Censorship in Vermont Schools

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A Vermont superintendent came down hard on students who allegedly committed the unpardonable offense of chanting "Let's Go Brandon!" at a sporting event. If they did not agree to counseling for their sin, accused students were banned from all sporting events. This politicized school endorses BLM, queer theory, and all things Far Left but prohibits T-shirts that say, "There are only two genders" and canceled a baseball team fundraiser because it dared employ Chick-fil-A products.

The Randolph Union High School (RUHS)'s nonsensical (patently unconstitutional) argument is that the phrase "Let's Go Brandon!" constitutes profanity. Vermont high school students were shamed like foul-mouthed sailors under this shallow pretense. In an email to the community, Social Justice Zealot Superintendent Layne Millington wrote:

[T]onight's final game was marred in the last minutes by members of our own student community chanting, "Let's go Brandon," a euphemism for "F--- Joe Biden," which in this case seemed to be directed at our own athletes. This is not about politics or free speech; folks are welcome to chant what they like at our games as long as it is civil and not disparaging. Please recognize that as administrators and staff who are required to create and maintain a positive environment for all students which supports learning across the totality of our programming, I have to say that what happened tonight was inappropriate. I am also saddened by the reaction of some of the adult spectators to the chant.

Three school principals were recruited with Millington to drag offending students in for discipline. One 16-year-old student insisted that she had not participated in the verboten chant; she was disciplined entirely on the allegations of unnamed students. The school claims that her accusers have a right to privacy that supersedes her right to confront them or hear evidence.

The school explained to her parents:

[T]he Student Handbook sums things up nicely though there are more specific passages later on:

1. Respect all people, their feelings, their possessions, and their right to an education.

2. Respect that the purpose of this school is to educate.
Any interaction or behavior that interferes with either of those expectations will result in corrective action.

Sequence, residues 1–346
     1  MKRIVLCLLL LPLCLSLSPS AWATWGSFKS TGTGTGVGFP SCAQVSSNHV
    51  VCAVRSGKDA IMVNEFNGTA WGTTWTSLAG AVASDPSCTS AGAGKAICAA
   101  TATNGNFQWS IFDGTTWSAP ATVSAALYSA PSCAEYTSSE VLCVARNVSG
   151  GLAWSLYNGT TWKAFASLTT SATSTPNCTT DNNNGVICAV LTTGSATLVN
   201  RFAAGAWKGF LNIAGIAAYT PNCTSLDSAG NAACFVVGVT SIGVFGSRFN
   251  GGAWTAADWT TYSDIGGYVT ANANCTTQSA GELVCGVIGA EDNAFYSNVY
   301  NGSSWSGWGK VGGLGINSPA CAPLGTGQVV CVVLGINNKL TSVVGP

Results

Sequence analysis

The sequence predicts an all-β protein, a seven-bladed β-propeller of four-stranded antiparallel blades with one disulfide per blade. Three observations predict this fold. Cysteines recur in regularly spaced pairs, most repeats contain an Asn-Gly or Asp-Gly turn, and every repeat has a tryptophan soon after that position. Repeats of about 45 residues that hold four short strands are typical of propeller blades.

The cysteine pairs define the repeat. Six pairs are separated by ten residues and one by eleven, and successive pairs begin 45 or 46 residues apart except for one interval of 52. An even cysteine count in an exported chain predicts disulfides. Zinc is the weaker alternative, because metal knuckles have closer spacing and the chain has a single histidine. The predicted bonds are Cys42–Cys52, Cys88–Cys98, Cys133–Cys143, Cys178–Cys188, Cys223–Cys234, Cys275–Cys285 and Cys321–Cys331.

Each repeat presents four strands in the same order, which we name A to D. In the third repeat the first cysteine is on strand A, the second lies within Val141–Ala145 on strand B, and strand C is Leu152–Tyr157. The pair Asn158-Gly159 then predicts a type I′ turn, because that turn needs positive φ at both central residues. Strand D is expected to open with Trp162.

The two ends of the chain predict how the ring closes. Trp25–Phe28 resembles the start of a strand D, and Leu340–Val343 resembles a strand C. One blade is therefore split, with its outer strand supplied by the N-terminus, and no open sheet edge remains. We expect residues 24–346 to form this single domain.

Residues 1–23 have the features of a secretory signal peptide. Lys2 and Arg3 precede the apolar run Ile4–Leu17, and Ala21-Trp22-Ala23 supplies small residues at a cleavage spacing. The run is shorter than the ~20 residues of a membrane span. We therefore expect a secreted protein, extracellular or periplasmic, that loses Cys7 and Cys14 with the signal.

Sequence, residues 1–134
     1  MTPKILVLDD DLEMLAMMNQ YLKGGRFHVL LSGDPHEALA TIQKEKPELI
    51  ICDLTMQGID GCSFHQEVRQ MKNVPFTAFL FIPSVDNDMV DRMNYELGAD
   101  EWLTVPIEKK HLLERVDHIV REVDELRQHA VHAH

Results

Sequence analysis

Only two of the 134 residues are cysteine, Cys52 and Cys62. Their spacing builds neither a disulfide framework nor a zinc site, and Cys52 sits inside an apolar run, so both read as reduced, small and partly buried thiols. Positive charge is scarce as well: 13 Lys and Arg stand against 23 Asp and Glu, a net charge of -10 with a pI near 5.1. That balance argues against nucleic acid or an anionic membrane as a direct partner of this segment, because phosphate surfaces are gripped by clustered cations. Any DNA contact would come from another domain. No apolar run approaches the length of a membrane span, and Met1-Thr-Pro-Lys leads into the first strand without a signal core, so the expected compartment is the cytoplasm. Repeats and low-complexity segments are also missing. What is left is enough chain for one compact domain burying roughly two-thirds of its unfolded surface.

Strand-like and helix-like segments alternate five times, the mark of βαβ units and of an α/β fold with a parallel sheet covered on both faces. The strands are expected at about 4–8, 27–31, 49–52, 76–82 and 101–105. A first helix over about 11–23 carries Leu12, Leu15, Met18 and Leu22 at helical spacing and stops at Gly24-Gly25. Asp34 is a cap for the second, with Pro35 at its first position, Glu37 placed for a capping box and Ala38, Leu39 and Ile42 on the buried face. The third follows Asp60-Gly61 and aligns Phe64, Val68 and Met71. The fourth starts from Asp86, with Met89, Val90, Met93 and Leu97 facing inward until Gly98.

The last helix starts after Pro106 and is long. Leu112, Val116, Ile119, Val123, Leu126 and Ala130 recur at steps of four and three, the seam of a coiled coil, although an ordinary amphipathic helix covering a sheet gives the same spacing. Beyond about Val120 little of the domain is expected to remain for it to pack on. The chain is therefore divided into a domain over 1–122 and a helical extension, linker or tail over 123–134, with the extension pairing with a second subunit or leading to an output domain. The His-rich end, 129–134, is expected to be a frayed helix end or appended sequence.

Superintendent Millington has repeatedly invoked the school's handbook to obliterate the basic free speech liberties of the students under his care. Fortunately, the U.S. Constitution supersedes all such vague bureaucratic edicts. "Let's Go Brandon!" is protected political speech, not profanity.

This was explained to Layne Millington and the school by legal counsel for this young girl, who quoted the U.S. Supreme Court in Tinker v. Des Moines:

First Amendment rights, applied in light of the special characteristics of the school environment, are available to teachers and students. It can hardly be argued that either students or teachers shed their constitutional rights to freedom of speech or expression at the schoolhouse gate.

Noting that students were allowed to wear BLM and pro-Biden messaging while MAGA or pro-Trump messaging was prohibited, the student's attorney stated:

To say this is astonishing is without exaggeration. This bears the indicia of an aggressive authoritarian regime where only approved opinions are allowed, and disapproved opinions are punished.

As if to agree, legal counsel for the school responded curtly and rudely: "You and I disagree about what constitutes profanity."

This is why we have courts and the "Rule of Law" in America — to obtain redress when Soviet-style thugs abuse the public while being paid with the victims' own tax dollars.

In the seminal case of Cohen v. California, an anti-war activist was arrested for wearing a jacket that said "F--- the Draft!" in a public building. Justice Harlan observed (emphasis in original):

The ability of government, consonant with the Constitution, to shut off discourse solely to protect others from hearing it is, in other words, dependent upon a showing that substantial privacy interests are being invaded in an essentially intolerable manner. Any broader view of this authority would effectively empower a majority to silence dissidents simply as a matter of personal predilections.

It is unquestionable that even "F--- Joe Biden!" is protected political speech. The words "Let's Go" are not profane, despite the laughable contention by the school's inept legal counsel and bumbling bureaucrats.